Concluding, the studies presented in this thesis confirm the close relationship between the circadian timing system, timing in feeding behavior, diet composition and energy metabolism at the systemic (whole body), cellular and organellar level. More specifically, we conclude that the biological clock controls mitochondrial metabolism in skeletal muscle. In addition, disturbing or strengthening the biological clock using TRF affects both mitochondrial metabolism in skeletal muscle as well as systemic insulin sensitivity. However, we were unable to determine if disturbing mitochondrial metabolism directly impaired glucose tolerance and/or insulin sensitivity. Furthermore, our findings indicate that TRF is not always the best model to study the effects of disturbed biological rhythms on glucose and lipid metabolism. After all, the negative effects of eating at the wrong time-of-day are, at least partly, counteracted by the positive effects of daily prolonged fasting periods regardless of the time of day.

The diverse range of metabolic disturbances that we found in our animal model of shift-work supports the idea of internal desynchronization of peripheral clocks and thereby disturbed metabolism as the underlying course of the increased risk for metabolic disease in shift-workers. Future studies should therefore focus on the after-effects of disturbing the biological clock as a result of shift-work. More importantly, future studies should attempt to develop new shift-work strategies and lifestyle recommendations in order to minimize or even nullify the negative effects of shift-work.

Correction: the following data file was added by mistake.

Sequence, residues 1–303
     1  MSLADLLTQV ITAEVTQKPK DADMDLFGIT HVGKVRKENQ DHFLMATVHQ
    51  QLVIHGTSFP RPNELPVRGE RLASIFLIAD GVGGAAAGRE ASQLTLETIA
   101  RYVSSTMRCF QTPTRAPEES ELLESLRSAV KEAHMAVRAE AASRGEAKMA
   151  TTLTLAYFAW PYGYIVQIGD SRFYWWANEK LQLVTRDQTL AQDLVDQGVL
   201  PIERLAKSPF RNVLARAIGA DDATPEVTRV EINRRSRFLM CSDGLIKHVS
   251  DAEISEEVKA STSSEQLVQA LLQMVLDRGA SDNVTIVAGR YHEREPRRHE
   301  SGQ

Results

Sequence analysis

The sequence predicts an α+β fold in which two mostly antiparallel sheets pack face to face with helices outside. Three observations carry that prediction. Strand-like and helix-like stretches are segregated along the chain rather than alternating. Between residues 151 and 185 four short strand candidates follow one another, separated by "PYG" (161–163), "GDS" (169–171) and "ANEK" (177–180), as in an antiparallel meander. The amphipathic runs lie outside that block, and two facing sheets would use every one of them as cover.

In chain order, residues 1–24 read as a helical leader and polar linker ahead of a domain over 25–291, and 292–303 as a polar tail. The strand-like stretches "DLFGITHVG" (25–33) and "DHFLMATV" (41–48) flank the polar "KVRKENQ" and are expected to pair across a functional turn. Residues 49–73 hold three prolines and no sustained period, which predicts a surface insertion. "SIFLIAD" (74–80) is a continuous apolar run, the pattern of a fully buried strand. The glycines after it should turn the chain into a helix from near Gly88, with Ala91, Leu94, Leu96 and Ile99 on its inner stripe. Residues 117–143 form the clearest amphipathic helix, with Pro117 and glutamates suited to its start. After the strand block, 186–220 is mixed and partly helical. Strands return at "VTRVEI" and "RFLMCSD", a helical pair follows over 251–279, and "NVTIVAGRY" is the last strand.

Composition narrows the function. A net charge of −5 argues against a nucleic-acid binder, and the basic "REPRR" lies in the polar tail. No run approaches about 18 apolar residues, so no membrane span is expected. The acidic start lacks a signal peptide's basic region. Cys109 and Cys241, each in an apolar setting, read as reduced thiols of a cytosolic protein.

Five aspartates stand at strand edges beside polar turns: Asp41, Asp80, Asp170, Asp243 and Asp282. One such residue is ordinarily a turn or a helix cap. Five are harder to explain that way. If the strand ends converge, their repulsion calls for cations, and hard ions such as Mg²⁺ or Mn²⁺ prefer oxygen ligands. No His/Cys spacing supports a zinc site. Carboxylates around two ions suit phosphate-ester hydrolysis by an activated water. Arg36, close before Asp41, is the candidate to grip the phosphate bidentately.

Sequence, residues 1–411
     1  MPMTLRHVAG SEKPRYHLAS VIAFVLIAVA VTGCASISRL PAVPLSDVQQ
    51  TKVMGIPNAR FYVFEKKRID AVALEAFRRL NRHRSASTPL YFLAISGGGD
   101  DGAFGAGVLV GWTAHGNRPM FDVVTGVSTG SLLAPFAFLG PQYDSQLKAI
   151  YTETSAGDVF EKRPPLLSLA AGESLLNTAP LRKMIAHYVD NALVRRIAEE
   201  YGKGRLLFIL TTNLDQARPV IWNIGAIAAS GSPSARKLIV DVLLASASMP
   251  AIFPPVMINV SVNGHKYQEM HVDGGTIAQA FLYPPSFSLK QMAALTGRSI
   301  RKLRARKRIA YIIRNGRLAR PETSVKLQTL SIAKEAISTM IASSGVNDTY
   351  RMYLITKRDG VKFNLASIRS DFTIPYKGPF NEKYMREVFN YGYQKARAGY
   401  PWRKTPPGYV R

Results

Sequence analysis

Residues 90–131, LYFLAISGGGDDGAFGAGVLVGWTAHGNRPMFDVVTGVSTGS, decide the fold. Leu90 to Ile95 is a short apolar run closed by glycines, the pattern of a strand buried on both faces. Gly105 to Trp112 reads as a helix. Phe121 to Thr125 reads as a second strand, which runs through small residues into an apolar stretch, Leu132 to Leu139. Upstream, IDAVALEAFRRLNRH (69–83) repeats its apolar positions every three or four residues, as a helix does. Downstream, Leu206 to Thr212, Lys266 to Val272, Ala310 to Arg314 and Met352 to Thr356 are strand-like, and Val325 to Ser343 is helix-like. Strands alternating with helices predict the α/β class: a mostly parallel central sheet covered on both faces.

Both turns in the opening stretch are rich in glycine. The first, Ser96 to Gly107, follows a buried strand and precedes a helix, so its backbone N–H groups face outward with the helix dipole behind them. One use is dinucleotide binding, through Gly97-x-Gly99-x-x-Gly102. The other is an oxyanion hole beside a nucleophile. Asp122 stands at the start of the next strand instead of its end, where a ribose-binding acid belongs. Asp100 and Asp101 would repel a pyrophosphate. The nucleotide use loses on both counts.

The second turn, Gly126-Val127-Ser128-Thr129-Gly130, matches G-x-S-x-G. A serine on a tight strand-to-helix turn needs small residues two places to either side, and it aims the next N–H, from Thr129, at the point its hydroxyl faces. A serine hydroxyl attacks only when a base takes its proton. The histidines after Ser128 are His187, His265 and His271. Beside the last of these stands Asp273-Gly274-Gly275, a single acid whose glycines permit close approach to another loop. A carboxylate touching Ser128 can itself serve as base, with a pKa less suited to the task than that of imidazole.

On the other hand, strengthening the biological clock through fasting during the inactive period has several metabolic benefits. We found for example increased insulin sensitivity during the TRF regimen as well as improvements in fat metabolism that were still measurable 11 days after ending the TRF regimen. This last finding even implies that when using TRF as clinical therapy it does not necessarily needs to be enforced every single day. It thus would make it easier for patients to successfully comply with their TRF or similar fasting-related therapy.